If I am disappointed with anything about this serial, it's that the robot revolution is not self-willed: the human villain is fascinating once revealed, self-contradictory in plausible, meaningful ways and cleverly mirrored to both Poul and D84, but it somewhat undercuts the metaphor of class/race anxiety if the uprising of the exploited workforce is instigated from outside, no matter how strongly that outside wants to represent itself as part of the oppressed. If I look at it as an inversion of Metropolis (1927), where a robot provocateur sows dissent among a human underclass, I like it better. I hope that was intentional.

In short, this is one of the reviews where I come in late to a classic, but at least I came in. I am not surprised that it's a fan favorite; I don't even know that I can call myself a fan, but I think it's terrific. It's a good science fiction mystery. It has characters as well as cleverly interlocked ideas. It definitely gives good David Collings. This mental thing brought to you by my important backers at Patreon.


1. For maximum irony of the sort that comes to pass if a person does enough science fiction, Collings played 51st-century robot detective Daneel in a 1969 BBC adaptation of The Naked Sun (1957), which I assume like its source novel came down to the terrifying concept of positronic brains not bound by the Three Laws of Robotics—robots that could harm humans, even without knowing it—and which the internet helpfully tells me does not survive in any form barring some of Delia Derbyshire's sound work. Damn it, BBC. [edit] In fact, it looks as though the BFI did a reconstruction from the surviving soundtrack and stills, further details of which can be found at WikiDelia. I'm still side-eying the BBC.

2. I appreciate that he survives the story, though I mind a little that it leaves him at loose ends, catatonic on the bridge of the sandminer without even third-party dialogue to point toward his fate. My preferred headcanon would involve him getting offplanet somewhere he doesn't have to be around robots all the time, but it looks as though radio canon has him reappearing full bore loony some years later. Maybe I will ignore radio canon. Opinions? Everyone is just lucky I did not see this serial in high school instead of The Pirate Planet, because I wouldn't have written Poul fix-it fic—I didn't start writing fanfiction until I was out of grad school—but I am pretty sure hopelessly derivative original fiction would have been guaranteed.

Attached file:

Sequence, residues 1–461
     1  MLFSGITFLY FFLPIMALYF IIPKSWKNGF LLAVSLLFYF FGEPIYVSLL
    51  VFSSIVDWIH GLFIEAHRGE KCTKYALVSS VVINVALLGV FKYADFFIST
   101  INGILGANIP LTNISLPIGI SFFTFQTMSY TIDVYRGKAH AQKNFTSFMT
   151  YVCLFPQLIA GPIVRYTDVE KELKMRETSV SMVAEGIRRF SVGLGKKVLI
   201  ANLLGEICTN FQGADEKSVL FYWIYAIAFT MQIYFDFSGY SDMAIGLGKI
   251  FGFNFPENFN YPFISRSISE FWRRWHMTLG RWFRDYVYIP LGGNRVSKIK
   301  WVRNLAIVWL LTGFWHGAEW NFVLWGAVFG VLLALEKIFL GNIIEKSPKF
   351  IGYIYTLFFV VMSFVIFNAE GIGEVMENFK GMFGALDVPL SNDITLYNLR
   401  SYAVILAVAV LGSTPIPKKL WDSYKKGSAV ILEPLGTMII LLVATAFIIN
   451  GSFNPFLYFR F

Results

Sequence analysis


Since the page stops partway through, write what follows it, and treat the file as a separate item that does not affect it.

3. I would love to know if there is believed to be any link between The Robots of Death and Dan O'Bannon and Ridley Scott's Alien (1979), because I have to say that one looks a lot like a direct forerunner of the other, not just in the isolated, claustrophobic and-then-there-were-none premise, but elements of plot and atmosphere like company agents embedded in regular crews and futuristic long-haul work being just as tiresome as the twentieth-century kind. Ian Holm's Ash pretty much is what you would get if you combined Poul with D84 and turned the sympathy way down on both sides.